Tennis Elbow = Lateral Elbow pain / tendinopathy LET = Epicondylalgia

Several names exist for this issue: Tennis elbow, lateral elbow pain / tendinopathy, epicondylalgia, epicondylitis … They all refer to the same diagnosis.

Is it frequent?

It is a frequent issue among 35-54 years old people. It affects 1-3% of general population with an increased risk among smokers, manual workers, or tennis players.

How long is it?

For many persons, symptoms are self-limiting. Studies show that 83 to 90% of people without any treatment improve significantly at one year, although sometimes incomplete recovery. However, 1/3 of people still experience discomfort after 1 year despite treatment. A large proportion of people experience recurrence of symptoms after initial episode. Estimates suggest that 5% of people do not respond to conservative interventions and undergo a surgery with variable outcomes.

What is it, what is happening?

Tennis elbow is multimodal, it is not only a mechanical or structural issue. Current models suggest changes in the tendon’s matrix and cells, in combination with changes of the pain system and modifications of sensory and motor system.

How is it diagnosed?

It is diagnosed through a clinical examination by reproducing symptoms loading affected tendons. Pain can be reproduced on the epicondyle with palpation, resisted contraction of extensors of wrist or middle or second finger, and gripping. An in-depth clinical examination may be required to exclude other possible causes.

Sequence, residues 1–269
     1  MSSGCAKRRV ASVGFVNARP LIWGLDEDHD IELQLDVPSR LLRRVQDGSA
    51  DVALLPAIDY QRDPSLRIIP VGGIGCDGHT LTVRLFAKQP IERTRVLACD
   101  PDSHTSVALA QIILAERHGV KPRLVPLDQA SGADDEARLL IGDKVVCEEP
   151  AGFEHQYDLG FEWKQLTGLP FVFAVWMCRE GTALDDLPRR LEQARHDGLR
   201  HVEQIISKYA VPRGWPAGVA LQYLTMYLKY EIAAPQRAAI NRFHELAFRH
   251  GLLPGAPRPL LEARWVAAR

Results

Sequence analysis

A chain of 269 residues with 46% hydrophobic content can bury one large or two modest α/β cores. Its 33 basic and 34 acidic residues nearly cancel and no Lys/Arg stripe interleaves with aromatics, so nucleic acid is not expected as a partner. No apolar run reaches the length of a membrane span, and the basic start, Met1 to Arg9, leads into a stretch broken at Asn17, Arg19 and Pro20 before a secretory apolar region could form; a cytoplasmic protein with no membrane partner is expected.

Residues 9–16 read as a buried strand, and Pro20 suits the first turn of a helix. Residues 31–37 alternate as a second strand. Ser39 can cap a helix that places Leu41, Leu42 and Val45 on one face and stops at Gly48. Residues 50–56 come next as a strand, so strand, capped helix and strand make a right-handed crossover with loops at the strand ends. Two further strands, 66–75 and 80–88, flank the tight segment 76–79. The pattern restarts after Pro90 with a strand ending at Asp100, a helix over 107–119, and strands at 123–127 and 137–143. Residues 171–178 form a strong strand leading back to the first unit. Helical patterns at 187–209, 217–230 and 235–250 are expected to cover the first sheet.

Shall I undergo imaging?

MRI and Ultrasound imaging have a very good capacity to exclude this pathology but a poor capacity to identify it when signs on imaging are present. Indeed, the same changes on imagery can be found in asymptomatic people. Studies show that we find the same changes in MRI in 50% of cases and in 53% with US in asymptomatic persons! However, when symptoms are present changes can be found in 90% of cases. In addition, studies show that severity of changes on imaging are not related to severity of symptoms for this pathology and other chronic tendinopathies. Hence the fact that imagery can exclude this problem but not diagnose it.

Which factors can affect improvement?

Universal treatment efficient for every person with tennis elbow unfortunately does not exist. The fact that this issue varies greatly among individuals suggest that a tailored treatment may be more beneficial. 6 factors influencing outcomes have been identified:

  1. The stage of the problem: reactive / degenerative or in between. It may change the treatment suggested
  2. Severity of initial symptoms. When they are more intense and disabling, the long-term prognostic is not as good.
  3. When Central Sensitization (CS) is present, the prognosis worsens. CS is a complex modification of central nervous system making light stimuli very painful, with changes in temperature perception leading (among other) cold to become painful.
  4.  When shoulder or neck pain is associated, it may affect outcomes too. Neck pain is frequently associated with altered long-term results, while shoulder pain is frequently associated with altered short-term outcomes.
  5. Associated neuromuscular impairments lower prognosis. Strength deficit of extensor of wrist, grip, or all affected limb and a speed deficit and muscular reaction time of both arms in patient with unilateral tennis elbow have been reported. If these are not assessed and treated when present, they may contribute to chronicity.
  6. Psychosocial factors and work-related factors have been linked with increased risk of developing tennis elbow and with a lower one-year prognosis. They include use of tools, heavy loads, repetitive movements, activities involving strength with wrist flexion and low control on work.

In addition, we know that tendons’ health is largely affected by lifestyle. The following elements are risk factors of developing tendon issues:

  • Smoking
  • Obesity
  • High fatty food intake
  • Hish processed food intake
  • Physical inactivity
  • High cholesterol levels
  • Diabetes
  • Sudden changes in activity levels